- Stanley needs his admiration and respect, which is why he feels jealous about Blanche and Mitch - his masculine position is threatened.
Who is Eunice and specific character traits
- Stella’s friend, upstairs neighbor, and landlady.
- Eunice and her husband, Steve, represent the low-class, carnal life that Stella has chosen for herself in New Orleans.
- Like Stella, Eunice accepts her husband’s affections despite his physical abuse of her.
What did Allen's death mark for Blanche
Allan’s death, which marked the end of Blanche’s sexual innocence, has haunted her ever since. (Polka song in her head, which always ends with the bang of the gun)
What is significant about the Stage directions in Streetcar in comparison to Doll's House
Are very subjective and include a certain sense of emotions and are very visual.
This is more common for a novel rather than a play. However in a play such as Dolls house, the stage directions are simply descriptive and factual of the physical surrounding.
Symbols in Streetcar (Simple list)
0) Streetcar - the fate is destined by desire
1) Shadows and Cries
2) The Varsouviana Polka
3) “It’s Only a Paper Moon”
5) endless baths - to wash of guilt
6) musical themes - provide a local color but more importantly mark the change of mood, convey a menace, and underline a tragic development
!!7) Stanley - as new America of the immigrants - urban, egalitarian, ruthless, vibrantly alive
!!8) Blanche - the decadent old plantation culture rooted in the slavery system
Shadows and Cries (Symbolic meaning)
As Blanche and Stanley begin to fight in Scene Ten (rape), various oddly shaped shadows begin to appear on the wall behind her.
Discordant noises and jungle cries also occur as Blanche begins to descend into madness. All of these effects combine to dramatize Blanche’s final breakdown and departure from reality in the face of Stanley’s physical threat.
When she loses her sanity in her final struggle against Stanley, Blanche retreats entirely into her own world. Whereas she originally colors her perception of reality according to her wishes, at this point in the play she ignores reality completely.
The Varsouviana Polka (Symbolic meaning)
The Varsouviana is the polka tune to which Blanche and her young husband, Allen Grey, were dancing when she last saw him alive.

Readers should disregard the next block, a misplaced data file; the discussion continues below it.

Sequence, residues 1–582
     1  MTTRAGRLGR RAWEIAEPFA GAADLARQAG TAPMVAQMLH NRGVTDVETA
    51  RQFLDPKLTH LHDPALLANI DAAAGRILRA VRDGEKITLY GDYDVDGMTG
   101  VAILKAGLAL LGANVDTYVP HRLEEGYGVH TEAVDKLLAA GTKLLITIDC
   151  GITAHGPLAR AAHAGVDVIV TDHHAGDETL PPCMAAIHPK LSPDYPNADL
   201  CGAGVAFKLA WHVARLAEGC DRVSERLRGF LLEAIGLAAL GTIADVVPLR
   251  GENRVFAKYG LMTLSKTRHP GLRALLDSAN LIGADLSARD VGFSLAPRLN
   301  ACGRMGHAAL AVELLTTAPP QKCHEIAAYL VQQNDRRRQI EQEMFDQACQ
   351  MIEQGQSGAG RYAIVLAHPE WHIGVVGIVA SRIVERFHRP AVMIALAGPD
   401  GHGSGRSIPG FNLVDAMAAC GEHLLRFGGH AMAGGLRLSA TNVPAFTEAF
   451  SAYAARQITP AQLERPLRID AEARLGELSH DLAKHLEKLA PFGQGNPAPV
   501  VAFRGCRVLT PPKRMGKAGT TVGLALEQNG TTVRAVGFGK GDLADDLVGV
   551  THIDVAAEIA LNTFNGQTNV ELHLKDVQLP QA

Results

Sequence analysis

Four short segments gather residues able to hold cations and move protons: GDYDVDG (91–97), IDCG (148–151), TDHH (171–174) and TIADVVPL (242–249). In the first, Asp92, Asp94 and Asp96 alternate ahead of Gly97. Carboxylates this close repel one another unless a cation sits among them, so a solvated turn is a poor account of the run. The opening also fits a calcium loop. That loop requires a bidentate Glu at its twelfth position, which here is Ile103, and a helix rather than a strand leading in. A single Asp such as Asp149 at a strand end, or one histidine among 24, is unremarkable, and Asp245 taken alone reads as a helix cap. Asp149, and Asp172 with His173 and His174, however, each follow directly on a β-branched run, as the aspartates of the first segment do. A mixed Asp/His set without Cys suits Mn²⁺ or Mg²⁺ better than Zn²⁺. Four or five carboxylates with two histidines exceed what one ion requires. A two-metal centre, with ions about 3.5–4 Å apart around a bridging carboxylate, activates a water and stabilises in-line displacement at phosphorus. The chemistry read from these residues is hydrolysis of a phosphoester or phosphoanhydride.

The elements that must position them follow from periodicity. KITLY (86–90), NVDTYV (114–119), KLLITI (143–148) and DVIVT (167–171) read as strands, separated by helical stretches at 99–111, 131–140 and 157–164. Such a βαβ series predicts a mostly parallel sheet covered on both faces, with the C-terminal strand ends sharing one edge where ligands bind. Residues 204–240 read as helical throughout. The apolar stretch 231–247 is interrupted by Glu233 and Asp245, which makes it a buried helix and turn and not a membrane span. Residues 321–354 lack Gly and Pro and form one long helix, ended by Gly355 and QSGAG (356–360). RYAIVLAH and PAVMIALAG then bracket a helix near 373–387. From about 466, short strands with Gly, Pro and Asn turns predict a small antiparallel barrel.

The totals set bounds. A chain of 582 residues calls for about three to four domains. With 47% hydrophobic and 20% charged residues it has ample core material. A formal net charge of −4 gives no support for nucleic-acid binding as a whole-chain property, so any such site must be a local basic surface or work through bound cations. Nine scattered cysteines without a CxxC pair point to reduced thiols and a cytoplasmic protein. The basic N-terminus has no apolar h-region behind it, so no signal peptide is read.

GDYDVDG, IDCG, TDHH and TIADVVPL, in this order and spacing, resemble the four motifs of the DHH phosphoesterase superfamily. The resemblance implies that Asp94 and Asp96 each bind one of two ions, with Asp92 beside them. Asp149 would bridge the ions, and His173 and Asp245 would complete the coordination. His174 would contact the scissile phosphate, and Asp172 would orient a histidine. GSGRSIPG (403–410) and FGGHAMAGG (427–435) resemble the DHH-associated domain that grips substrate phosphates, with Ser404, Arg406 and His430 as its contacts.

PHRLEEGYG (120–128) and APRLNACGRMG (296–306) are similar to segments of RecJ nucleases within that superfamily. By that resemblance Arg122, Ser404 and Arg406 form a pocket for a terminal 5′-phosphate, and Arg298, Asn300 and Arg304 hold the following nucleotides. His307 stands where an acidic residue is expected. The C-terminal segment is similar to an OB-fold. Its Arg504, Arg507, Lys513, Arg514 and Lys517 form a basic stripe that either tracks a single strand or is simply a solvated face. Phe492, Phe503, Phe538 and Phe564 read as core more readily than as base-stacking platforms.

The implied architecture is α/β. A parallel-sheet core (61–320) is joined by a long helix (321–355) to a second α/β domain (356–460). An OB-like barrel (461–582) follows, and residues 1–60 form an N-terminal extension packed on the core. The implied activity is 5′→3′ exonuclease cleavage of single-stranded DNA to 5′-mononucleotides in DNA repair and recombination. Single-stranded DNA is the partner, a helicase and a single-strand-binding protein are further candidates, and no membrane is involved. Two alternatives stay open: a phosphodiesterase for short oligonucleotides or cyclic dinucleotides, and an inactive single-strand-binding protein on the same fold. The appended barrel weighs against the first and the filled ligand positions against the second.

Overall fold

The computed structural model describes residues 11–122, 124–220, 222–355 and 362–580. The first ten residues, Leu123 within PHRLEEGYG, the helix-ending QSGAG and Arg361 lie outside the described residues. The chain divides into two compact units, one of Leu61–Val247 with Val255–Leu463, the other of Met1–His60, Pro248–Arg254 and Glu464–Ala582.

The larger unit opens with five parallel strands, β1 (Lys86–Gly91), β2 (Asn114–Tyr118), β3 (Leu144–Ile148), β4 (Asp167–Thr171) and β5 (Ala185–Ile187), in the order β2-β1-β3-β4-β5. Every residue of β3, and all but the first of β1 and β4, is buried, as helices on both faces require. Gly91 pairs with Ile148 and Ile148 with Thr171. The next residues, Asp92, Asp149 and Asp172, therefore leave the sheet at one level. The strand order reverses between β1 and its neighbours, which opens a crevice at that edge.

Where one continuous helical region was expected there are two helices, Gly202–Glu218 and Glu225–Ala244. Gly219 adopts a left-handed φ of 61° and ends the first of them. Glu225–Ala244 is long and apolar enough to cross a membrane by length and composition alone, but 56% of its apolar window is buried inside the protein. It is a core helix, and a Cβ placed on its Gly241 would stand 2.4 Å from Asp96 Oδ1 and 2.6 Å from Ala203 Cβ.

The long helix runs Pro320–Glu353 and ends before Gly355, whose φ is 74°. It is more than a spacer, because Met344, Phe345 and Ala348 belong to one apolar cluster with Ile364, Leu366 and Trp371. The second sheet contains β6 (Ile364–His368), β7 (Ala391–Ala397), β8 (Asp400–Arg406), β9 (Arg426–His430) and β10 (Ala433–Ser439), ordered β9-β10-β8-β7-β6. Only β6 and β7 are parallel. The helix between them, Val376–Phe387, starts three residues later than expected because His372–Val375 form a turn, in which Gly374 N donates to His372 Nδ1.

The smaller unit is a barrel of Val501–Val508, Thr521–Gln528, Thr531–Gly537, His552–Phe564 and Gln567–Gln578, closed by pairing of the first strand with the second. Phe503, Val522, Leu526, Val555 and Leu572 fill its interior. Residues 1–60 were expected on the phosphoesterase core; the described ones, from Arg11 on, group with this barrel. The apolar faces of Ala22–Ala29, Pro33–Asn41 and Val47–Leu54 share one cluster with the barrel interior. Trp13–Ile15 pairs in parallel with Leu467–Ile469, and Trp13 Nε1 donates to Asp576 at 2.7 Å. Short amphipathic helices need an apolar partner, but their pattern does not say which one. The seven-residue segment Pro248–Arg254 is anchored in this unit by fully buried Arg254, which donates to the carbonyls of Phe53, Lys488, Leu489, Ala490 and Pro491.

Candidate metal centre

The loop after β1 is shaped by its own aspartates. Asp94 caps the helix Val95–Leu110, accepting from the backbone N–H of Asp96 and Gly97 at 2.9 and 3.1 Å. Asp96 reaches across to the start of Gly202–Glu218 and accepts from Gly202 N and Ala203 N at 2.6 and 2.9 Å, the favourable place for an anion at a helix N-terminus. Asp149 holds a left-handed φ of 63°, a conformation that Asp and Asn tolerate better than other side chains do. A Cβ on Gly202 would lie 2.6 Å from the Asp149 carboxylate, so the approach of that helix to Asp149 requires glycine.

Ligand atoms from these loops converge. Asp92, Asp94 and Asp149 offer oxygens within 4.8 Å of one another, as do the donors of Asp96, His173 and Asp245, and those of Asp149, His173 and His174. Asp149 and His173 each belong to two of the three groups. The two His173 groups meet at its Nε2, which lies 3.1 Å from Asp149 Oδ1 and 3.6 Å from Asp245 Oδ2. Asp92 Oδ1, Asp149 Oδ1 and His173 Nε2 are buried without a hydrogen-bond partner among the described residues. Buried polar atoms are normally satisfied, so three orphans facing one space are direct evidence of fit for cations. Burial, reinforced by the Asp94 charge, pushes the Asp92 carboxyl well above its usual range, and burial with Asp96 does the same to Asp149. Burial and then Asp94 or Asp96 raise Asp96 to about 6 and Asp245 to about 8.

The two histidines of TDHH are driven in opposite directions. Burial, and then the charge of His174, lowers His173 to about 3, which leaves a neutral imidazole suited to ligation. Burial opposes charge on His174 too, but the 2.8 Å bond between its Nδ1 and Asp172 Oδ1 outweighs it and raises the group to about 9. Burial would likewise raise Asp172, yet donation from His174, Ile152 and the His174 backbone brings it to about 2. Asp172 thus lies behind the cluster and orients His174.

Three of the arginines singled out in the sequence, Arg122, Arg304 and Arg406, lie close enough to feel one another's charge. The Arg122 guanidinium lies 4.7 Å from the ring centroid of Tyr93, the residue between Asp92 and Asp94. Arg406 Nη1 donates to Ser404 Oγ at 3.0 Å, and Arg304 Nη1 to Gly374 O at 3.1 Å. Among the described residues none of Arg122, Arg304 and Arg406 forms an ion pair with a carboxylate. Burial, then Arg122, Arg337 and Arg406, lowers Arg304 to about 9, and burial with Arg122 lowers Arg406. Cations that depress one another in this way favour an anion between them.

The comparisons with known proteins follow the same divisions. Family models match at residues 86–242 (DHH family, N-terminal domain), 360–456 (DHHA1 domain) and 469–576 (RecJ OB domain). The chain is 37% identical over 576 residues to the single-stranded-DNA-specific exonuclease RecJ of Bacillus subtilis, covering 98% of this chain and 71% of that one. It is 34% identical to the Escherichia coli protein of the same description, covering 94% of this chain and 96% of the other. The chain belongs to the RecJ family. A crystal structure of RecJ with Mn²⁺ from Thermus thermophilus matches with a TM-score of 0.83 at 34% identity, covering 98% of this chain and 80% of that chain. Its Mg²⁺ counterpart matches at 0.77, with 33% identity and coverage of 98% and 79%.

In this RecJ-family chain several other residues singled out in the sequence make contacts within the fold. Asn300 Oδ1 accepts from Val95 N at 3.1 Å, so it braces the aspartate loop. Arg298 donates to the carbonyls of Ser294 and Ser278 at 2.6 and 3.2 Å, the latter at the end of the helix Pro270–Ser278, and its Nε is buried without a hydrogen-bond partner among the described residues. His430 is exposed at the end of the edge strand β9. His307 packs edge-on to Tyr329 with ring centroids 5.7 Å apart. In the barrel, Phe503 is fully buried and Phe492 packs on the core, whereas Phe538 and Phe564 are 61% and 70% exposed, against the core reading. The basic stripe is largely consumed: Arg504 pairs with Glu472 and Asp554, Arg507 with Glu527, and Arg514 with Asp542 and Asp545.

The polka music plays at various points in A Streetcar Named Desire, when Blanche is feeling remorse for Allen’s death as it ends with the gun shot.
The polka and the moment it evokes represent Blanche’s loss of innocence. The suicide of the young husband Blanche loved dearly was the event that triggered her mental decline. Since then, Blanche hears the Varsouviana whenever she panics and loses her grip on reality.
The audience can hear the polka but the other actors hear nothing, which amplifies her ISOLATION and the problems that never reach another person outside herself.
“It’s Only a Paper Moon” (Symbolic meaning)
Blanche sings this while she bathes.
The song’s lyrics describe the way love turns the world into a “phony” fantasy. The speaker in the song says that if both lovers believe in their imagined reality, then it’s no longer “make-believe.”
These lyrics sum up Blanche’s approach to life. She believes that her fibbing is only her means of enjoying a better way of life and is therefore essentially harmless.
As Blanche sits in the tub singing Stanley tells Stella the details of Blanche’s sexually corrupt past. Williams ironically juxtaposes Blanche’s fantastical understanding of herself with Stanley’s description of Blanche’s real nature. In reality, Blanche is a scam who feigns propriety and sexual modesty.
Once Mitch learns the truth about Blanche, he can no longer believe in Blanche’s tricks and lies.
Main Motifs of Streetcar?
Explain the Motif of light
Light symbolizes the reality of Blanche’s past and her confrontation with it. It is what she has lost—her first love, her purpose in life, her dignity, and her social class status. Her avoidance of life is her decent into her make-believe magic world.
Covers lightbulbs with Paper lanterns and refuses to go out during the day (date with Mitch)
Mitch points out Blanche’s avoidance of light in Scene Nine, when he confronts her with the stories Stanley has told him of her past. Mitch then forces Blanche to stand under the direct light- revealing the reality. Blanche’s inability to tolerate light means that her grasp on reality is also nearing its end. Blanche deliberately keeps herself out of the harsh glare of reality.
Bright light represents Blanche’s youthful sexual innocence, while poor light represents her sexual maturity and disillusionment.